As a sales leader, you’re guaranteed to have sales reps that go above and beyond. But how can you tell if a rep has truly achieved sales excellence? What are the definite qualities that separate excellent sales reps from the rest of the pack?
In this post, you’ll explore what sales excellence looks like, how to measure it, and how to achieve it. Experts from G2, Northpass, impact.com, and Articulate Marketing share their tips.
- What is sales excellence?
- How should you determine sales excellence?
- Sales Excellence Examples
- How to Measure Sales Excellence
- How to Achieve Sales Excellence
- Rewarding Sales Excellence
What is sales excellence?
Sales excellence is defined as consistently meeting and exceeding growth targets. Think of it as a measure of how individual salespeople are performing and how successful an organization is at closing deals.
To achieve sales excellence, you need to focus on understanding your target customer and providing offerings relevant to their needs. You can then create an engaged sales team where each rep understands how to meet customer demands for a quality experience.
Next, we’ll explore how you should determine sales excellence.
How should you determine sales excellence?
- Working Smarter
- Quickly Getting Up to Speed
- An 'Onto the Next One' Mentality
Achieving sales excellence is simply a matter of putting in the extra effort. You want your reps to be ambitious and dedicated. Excellent salespeople go the extra mile to book an extra meeting or keep a prospect in your pipeline.
The best reps take initiative. Motivation is the underlying component that puts these sales reps above the rest. Without motivation, the other components of sales excellence don’t pan out.
2. Working Smarter
While motivation is central to sales excellence, extra effort must be applied effectively. A rep who haphazardly gives it their all might burn out or see disproportionately low returns.
Excellent sales reps:
- Know how to manage their time.
- Selectively apply their effort.
- Strategically structure their day.
- Understand when a deal is not worth the effort.
- Push to maximize their time and effort.
3. Quickly Getting Up to Speed
True sales excellence materializes at every point in a sales rep’s career — no matter how early. One of the marks of a truly excellent sales rep is the speed at which they onboard and ramp to a full workload.
To evaluate your new sales rep’s sales excellence, ask yourself this:
- How long did it take for them to learn the ropes?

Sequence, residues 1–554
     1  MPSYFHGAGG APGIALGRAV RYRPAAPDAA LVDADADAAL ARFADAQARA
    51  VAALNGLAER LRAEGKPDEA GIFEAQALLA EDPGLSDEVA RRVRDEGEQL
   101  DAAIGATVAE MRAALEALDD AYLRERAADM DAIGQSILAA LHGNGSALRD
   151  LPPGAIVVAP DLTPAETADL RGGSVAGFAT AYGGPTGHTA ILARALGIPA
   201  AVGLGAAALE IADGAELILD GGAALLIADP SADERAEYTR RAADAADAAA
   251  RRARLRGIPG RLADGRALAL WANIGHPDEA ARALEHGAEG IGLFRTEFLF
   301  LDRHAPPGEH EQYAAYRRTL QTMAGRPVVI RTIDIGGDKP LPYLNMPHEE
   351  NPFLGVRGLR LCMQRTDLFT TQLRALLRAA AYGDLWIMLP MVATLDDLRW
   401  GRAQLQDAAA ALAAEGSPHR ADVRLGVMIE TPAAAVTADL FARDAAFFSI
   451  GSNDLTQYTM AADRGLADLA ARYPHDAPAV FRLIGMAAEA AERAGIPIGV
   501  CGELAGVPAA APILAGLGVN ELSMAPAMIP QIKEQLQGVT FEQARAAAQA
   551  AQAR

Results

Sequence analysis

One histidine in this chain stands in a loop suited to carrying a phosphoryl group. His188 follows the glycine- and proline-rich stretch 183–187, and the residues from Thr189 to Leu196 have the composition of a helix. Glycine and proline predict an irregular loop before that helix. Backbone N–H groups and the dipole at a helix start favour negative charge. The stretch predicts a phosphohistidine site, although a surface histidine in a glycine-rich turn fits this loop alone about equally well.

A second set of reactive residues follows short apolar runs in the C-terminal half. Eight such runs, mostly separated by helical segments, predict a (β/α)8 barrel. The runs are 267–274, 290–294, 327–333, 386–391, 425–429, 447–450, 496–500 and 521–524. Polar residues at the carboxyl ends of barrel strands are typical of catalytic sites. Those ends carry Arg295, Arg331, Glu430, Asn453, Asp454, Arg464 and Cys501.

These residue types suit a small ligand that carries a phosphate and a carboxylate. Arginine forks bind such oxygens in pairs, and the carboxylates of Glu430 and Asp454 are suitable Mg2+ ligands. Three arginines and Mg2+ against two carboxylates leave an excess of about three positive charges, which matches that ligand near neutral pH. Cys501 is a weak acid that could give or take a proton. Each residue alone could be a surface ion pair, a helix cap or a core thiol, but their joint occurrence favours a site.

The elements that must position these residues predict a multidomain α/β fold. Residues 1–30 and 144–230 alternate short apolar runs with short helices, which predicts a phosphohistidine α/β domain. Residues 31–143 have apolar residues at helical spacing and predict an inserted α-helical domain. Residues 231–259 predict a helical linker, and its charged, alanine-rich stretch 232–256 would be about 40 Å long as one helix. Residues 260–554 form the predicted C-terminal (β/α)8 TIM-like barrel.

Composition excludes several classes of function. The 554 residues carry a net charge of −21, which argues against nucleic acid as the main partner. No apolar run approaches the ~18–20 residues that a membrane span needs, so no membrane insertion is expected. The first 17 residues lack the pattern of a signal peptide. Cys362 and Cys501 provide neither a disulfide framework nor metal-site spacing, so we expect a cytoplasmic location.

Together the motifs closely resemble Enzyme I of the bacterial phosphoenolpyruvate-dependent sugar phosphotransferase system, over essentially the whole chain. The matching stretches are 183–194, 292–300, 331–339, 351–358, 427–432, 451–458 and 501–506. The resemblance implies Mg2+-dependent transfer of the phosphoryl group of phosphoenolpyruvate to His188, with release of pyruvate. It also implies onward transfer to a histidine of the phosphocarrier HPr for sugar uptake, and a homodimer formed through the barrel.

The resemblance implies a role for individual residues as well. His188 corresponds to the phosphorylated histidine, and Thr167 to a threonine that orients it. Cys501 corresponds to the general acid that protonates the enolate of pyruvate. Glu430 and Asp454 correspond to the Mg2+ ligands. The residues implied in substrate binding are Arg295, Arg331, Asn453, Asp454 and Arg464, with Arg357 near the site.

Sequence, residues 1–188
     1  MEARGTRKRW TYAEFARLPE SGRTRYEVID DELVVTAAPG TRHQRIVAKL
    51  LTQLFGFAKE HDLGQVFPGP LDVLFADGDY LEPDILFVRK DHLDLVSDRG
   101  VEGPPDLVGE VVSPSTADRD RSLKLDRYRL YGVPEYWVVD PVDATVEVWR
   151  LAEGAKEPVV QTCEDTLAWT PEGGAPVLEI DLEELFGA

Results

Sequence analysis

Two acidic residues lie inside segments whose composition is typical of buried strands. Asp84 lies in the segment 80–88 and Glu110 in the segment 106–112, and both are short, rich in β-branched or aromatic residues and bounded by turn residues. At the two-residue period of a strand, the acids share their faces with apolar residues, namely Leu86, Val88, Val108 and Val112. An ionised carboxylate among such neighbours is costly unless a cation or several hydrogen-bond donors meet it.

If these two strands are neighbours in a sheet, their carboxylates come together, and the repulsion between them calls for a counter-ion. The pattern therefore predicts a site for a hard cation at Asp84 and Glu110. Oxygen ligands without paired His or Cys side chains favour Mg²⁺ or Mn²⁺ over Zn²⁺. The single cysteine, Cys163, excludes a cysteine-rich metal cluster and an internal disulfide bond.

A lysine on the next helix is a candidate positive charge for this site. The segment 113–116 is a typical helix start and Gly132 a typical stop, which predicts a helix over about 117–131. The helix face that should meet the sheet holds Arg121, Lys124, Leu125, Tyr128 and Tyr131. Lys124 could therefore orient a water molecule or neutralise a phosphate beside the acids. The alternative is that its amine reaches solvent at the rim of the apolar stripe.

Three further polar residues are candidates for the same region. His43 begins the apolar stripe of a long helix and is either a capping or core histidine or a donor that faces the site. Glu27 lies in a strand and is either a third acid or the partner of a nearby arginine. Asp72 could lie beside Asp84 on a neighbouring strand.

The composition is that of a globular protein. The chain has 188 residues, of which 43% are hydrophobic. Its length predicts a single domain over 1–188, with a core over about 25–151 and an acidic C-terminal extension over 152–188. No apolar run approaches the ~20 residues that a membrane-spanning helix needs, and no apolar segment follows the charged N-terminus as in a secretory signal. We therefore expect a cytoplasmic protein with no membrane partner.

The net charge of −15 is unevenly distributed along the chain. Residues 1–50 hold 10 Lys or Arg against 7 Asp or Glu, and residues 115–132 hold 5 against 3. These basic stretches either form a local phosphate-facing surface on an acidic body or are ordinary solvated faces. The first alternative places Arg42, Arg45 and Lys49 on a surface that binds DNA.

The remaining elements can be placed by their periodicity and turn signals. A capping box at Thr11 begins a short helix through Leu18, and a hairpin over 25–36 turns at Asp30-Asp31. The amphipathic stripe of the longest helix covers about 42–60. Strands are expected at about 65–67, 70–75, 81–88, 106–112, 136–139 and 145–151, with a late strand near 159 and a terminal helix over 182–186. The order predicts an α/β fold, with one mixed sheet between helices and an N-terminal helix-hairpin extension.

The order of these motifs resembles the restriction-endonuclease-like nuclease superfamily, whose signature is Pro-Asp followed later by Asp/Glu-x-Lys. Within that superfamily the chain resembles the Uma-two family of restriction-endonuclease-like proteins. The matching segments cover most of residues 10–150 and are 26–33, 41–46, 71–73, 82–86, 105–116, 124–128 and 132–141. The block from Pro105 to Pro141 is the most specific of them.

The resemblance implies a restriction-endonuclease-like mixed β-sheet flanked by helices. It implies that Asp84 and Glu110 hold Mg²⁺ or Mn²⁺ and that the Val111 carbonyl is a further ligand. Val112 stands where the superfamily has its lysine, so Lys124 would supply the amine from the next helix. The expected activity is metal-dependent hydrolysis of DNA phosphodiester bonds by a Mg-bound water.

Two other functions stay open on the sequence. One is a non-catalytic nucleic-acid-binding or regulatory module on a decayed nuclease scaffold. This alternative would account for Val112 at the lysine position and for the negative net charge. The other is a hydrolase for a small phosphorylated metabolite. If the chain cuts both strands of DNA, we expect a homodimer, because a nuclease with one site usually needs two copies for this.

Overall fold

- Did they take the initiative to learn the ins and outs of your product or service on their own?
- Could you be hands-off and still expect them to figure out your sales process?
Sales excellence is a measure of what a rep can do for your sales org beyond their immediate contributions. By ramping up quickly, an excellent rep spares your company time, effort, energy, and resources.
Most reps know that it’s easy to find a groove or daily rhythm. However, excellent sales reps understand there’s always room for improvement.
An excellent rep is willing to keep an open mind and continue learning. That could mean something like trying new messaging on sales calls or transitioning to a more customer-centric sales methodology.
Not everything they’ll try will work for them, but excellent sales reps are willing to stay abreast of new strategies that could potentially take them to the next level.
5. An "Onto the Next One" Mentality
Excellent sales reps aren’t afraid to fail. They can take rejection on the chin and keep moving forward — using every hitch and hiccup they run into as a learning experience. If an exceptional rep drops the ball on a deal or botches a call, they don’t sulk or get demoralized.
Instead, excellent sales reps:
- Analyze their performance.
- Try to identify where they went wrong.
- Do everything in their power not to make the same mistake twice.
If an excellent sales reps notices they’re running into the same issue consistently, they don’t keep it to themselves. Instead, they seek out some insight that can set them on the right course.
To further understand what sales excellence means, let’s take a look at some examples.
Sales Excellence Examples
Sales excellence can mean meeting or exceeding sales targets, but it’s not just limited to quotas. Here are other signs of sales excellence to consider when you evaluate your organization.
- An excellent sales rep can meet targets quickly.
- An excellent sales rep ramps to a full workload after a short time.
- An excellent rep follows up with high-quality leads.
- An excellent rep is prepared and diligent when interacting with customers.
- An excellent rep is coachable and takes constructive feedback well.
- An excellent rep is committed to honing their sales technique and remaining open to change.
Other than quantitative metrics, these examples of sales excellence can help you identify what to aim for within your company.
How to Measure Sales Excellence
Measuring sales excellence allows you to understand how well your reps meet sales targets.
Mike Head, the chief revenue officer of impact.com, told us it’s important to identify a small number of core sales metrics. Reviewing these metrics helps you understand who your best-performing reps are and if your organization as a whole is achieving sales excellence.